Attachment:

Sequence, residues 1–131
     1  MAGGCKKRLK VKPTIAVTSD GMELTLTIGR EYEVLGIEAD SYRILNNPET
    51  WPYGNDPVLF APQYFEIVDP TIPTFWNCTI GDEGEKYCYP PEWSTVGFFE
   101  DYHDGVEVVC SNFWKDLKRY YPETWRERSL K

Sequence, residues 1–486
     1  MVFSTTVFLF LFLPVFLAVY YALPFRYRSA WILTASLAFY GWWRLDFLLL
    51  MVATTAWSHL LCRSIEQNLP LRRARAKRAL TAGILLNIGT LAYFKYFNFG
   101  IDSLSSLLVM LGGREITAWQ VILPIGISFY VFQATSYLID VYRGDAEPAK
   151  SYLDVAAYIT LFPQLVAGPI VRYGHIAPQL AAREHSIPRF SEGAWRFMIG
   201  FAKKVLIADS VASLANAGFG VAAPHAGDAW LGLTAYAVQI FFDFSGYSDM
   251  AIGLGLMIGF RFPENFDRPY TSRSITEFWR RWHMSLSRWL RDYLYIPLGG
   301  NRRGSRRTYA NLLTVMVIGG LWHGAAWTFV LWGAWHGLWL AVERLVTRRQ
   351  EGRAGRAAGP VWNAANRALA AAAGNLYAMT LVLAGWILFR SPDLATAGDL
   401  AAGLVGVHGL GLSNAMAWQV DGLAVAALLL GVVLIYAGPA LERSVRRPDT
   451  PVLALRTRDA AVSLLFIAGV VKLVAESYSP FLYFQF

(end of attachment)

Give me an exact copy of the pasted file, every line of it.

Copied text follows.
Sequence, residues 1–131
     1  MAGGCKKRLK VKPTIAVTSD GMELTLTIGR EYEVLGIEAD SYRILNNPET
    51  WPYGNDPVLF APQYFEIVDP TIPTFWNCTI GDEGEKYCYP PEWSTVGFFE
   101  DYHDGVEVVC SNFWKDLKRY YPETWRERSL K

Sequence, residues 1–486
     1  MVFSTTVFLF LFLPVFLAVY YALPFRYRSA WILTASLAFY GWWRLDFLLL
    51  MVATTAWSHL LCRSIEQNLP LRRARAKRAL TAGILLNIGT LAYFKYFNFG
   101  IDSLSSLLVM LGGREITAWQ VILPIGISFY VFQATSYLID VYRGDAEPAK
   151  SYLDVAAYIT LFPQLVAGPI VRYGHIAPQL AAREHSIPRF SEGAWRFMIG
   201  FAKKVLIADS VASLANAGFG VAAPHAGDAW LGLTAYAVQI FFDFSGYSDM
   251  AIGLGLMIGF RFPENFDRPY TSRSITEFWR RWHMSLSRWL RDYLYIPLGG
   301  NRRGSRRTYA NLLTVMVIGG LWHGAAWTFV LWGAWHGLWL AVERLVTRRQ
   351  EGRAGRAAGP VWNAANRALA AAAGNLYAMT LVLAGWILFR SPDLATAGDL
   401  AAGLVGVHGL GLSNAMAWQV DGLAVAALLL GVVLIYAGPA LERSVRRPDT
   451  PVLALRTRDA AVSLLFIAGV VKLVAESYSP FLYFQF